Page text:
Megan Zehnder / August 14, 2019

Success! Starbucks Will Stop Using Plastic Straws by 2020

When Stephanie Muttillo, a Starbucks employee, realized the environmental dangers of plastic pollution, she started a Care2 petition demanding that her company stop using plastic straws.

“I got the idea for the petition just from the love I have always had for the environment. I have been using reusable straws and cups and decided it was time to make a difference,” says Muttillo.

When she created the petition, her goal was to get about 5,000 signatures in a year. “I would then send it in to corporate and hopefully they would give me some feedback,” Muttillo explains. “But one night I fell asleep it had 300 signatures, the next morning I woke up and it had 11,000. It just kept getting bigger and bigger!”


Her petition eventually garnered over 147,000 signatures, and now Starbucks has announced that they will stop using plastic straws in all 28,000 stores worldwide by 2020. 

Muttillo is thrilled! She wrote on her Care2 petition:

As a Starbucks employee, it’s welcomed news to hear the company will phase out the use of plastic straws in their stores by 2020. This is an important first step to cleaning up our seas and protecting wildlife, and I am proud to see Starbucks take this step toward sustainability and promoting a healthier planet for all.

To replace those plastic straws, Starbucks will use a plastic strawless lid known as an “adult sippy cup.”

The Starbucks ban begins in Vancouver and Seattle, where as of July 1, cafés, restaurants and bars are no longer allowed to give out plastic straws. Starbucks estimates that by using biodegradable straws they will eliminate more than one billion plastic straws each year.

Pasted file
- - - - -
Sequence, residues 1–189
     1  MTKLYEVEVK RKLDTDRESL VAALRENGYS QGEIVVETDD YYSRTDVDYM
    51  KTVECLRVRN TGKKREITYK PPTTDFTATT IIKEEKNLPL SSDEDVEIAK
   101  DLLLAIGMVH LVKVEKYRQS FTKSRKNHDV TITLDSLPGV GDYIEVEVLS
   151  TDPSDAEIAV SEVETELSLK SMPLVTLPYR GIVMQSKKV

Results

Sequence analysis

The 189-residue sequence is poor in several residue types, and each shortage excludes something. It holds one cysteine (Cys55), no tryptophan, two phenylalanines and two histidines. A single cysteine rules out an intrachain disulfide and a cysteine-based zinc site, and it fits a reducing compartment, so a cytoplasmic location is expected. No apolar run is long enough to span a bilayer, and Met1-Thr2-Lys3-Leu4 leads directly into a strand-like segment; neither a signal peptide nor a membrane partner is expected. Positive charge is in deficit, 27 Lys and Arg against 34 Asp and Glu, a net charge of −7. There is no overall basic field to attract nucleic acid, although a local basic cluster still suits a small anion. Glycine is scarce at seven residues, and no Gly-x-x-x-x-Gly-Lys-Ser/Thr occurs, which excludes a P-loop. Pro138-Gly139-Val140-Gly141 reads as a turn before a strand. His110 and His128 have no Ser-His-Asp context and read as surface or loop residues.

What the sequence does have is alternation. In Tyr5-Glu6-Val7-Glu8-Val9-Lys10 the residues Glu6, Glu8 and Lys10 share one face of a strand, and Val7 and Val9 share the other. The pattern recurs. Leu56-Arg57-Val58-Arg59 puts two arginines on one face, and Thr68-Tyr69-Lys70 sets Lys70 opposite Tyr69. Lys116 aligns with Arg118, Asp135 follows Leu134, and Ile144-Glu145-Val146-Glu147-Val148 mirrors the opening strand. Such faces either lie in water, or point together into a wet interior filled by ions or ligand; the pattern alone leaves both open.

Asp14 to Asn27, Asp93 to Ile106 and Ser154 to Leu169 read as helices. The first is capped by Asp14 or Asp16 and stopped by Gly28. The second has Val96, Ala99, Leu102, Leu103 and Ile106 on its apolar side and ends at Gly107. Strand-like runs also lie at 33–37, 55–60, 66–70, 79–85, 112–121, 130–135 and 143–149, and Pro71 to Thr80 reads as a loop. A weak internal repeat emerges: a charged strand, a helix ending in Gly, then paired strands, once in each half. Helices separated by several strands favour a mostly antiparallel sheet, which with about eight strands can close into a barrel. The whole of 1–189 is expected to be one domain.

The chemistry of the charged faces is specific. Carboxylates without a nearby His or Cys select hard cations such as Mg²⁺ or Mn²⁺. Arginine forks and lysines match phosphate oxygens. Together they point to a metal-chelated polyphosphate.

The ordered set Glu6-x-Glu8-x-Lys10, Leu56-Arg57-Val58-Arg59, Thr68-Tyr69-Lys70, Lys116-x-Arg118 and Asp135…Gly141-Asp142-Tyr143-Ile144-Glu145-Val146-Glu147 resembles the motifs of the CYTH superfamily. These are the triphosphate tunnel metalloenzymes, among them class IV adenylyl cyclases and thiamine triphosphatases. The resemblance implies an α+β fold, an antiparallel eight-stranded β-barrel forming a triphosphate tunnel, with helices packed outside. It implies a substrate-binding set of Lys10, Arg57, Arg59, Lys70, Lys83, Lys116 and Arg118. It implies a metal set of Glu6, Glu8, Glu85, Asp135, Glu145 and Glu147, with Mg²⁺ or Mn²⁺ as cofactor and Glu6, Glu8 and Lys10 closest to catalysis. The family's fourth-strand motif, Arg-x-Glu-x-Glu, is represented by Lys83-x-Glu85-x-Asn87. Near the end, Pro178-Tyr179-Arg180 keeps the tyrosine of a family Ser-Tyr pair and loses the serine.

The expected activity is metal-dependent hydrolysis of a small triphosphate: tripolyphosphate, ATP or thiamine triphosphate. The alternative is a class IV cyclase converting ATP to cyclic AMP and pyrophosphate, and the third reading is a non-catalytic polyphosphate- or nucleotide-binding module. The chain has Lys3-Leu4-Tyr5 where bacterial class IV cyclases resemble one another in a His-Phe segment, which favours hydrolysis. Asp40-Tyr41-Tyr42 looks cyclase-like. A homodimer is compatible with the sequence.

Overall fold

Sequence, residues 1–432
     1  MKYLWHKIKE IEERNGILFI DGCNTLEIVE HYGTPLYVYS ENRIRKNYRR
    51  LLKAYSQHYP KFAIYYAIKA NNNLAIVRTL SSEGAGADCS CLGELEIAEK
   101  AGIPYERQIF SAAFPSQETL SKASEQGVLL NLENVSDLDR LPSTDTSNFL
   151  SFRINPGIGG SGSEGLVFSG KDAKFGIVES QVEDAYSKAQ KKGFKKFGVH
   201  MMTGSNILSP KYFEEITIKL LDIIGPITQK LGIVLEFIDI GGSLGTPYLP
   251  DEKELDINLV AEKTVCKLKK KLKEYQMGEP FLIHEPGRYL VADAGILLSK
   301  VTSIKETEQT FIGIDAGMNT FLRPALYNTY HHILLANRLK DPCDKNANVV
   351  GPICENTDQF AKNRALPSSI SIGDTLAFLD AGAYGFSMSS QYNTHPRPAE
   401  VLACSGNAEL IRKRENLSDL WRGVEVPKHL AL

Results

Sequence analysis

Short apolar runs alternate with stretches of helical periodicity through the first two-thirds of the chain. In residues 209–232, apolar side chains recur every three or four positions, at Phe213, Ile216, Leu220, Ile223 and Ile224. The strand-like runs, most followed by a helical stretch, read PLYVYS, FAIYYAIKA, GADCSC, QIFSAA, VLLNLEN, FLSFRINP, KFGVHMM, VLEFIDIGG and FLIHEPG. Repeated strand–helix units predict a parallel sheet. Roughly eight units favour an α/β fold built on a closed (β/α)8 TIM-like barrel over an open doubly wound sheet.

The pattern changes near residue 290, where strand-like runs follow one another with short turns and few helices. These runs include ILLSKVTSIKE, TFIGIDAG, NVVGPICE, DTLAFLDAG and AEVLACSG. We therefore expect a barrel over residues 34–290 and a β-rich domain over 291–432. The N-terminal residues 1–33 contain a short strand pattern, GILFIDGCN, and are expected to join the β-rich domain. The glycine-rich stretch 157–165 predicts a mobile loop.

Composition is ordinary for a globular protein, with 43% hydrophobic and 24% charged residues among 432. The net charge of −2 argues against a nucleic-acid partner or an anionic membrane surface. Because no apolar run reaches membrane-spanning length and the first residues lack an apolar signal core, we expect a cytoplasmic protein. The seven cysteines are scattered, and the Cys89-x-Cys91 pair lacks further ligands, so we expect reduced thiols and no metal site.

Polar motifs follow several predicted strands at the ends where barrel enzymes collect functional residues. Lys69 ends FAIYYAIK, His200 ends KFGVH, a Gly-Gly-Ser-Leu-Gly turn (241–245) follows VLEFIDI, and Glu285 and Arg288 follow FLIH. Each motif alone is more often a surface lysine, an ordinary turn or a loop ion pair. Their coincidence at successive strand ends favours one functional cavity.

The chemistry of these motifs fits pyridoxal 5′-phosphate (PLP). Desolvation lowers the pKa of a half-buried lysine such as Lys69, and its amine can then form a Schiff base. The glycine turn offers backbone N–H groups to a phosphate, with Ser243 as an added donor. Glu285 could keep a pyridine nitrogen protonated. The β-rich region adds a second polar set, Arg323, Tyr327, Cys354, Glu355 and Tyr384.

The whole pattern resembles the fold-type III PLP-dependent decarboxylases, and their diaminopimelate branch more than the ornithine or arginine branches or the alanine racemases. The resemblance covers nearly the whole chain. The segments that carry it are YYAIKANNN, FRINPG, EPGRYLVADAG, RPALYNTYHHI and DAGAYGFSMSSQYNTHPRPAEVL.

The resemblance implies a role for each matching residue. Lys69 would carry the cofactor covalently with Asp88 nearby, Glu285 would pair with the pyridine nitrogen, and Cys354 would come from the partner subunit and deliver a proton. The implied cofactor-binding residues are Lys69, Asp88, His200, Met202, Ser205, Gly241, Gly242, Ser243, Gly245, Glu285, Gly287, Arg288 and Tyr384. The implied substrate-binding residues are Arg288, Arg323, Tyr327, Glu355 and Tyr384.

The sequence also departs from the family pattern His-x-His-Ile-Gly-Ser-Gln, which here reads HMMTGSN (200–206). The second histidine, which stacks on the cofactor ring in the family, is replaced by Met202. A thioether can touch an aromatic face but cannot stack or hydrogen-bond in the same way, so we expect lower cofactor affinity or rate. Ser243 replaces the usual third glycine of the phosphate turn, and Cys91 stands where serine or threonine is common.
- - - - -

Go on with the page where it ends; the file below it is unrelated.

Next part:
According to some estimates, Americans use 500 million straws a day. That’s a problem, as Muttillo explains in her petition: “Plastic straws are too lightweight to be recycled, and oftentimes are made out of the same plastic as Styrofoam which CANNOT be recycled.”

A Growing Plastic Pollution Problem

When these straws don’t make it through recycling sorters, they mostly end up in the ocean — adding to pre-existing plastic pollution.

The Great Pacific Garbage Patch is the largest accumulation of ocean plastic in the world, covering 1.6 million square kilometers between Hawaii and California. This area contains 1.8 trillion pieces of plastic, or 250 pieces of plastic for every human being in the world.

It’s estimated that if we continue our plastic addiction, there will be more plastic than fish in the ocean. We must work toward reducing plastic production.

Remembering the disability community

But there’s another important perspective on this issue: Consider the fact that some people are unable to drink at all without the use of a straw, perhaps due to poor muscle control or paralysis from a stroke. These disabled people literally need a straw in order to drink and stay alive, but paper straws aren’t strong enough and metal straws can cut their mouths.

To solve this problem, Care2’s s.e.smith suggests an opt-in program, where cafés and restaurants could keep straws behind the counter and display a “straws available by request” sign.

Still, we can all agree there’s too much plastic in the world — and convincing Starbucks to phase out the use of plastic straws is a great way to start cutting back on plastic pollution. 

Congratulations to Stephanie Muttillo and all the Care2 members who signed her petition!

Thanks to Muttillo, Starbucks will join a growing list of companies including McDonalds, Alaska Airlines, the White Sox and the BBC to introduce bans on plastic. But let’s hope that these companies will also implement some kind of opt-in program, so that everyone can enjoy a beverage.

Are you inspired by Muttillo’s success and want to make a difference too? Why not create your own petition using these guidelines? Pretty soon you’ll find the Care2 community signing up to support you.


One thought on “Success! Starbucks Will Stop Using Plastic Straws by 2020”

  1. It’s the least they can do. They should be doing much, much more than that.
    Better late than never.

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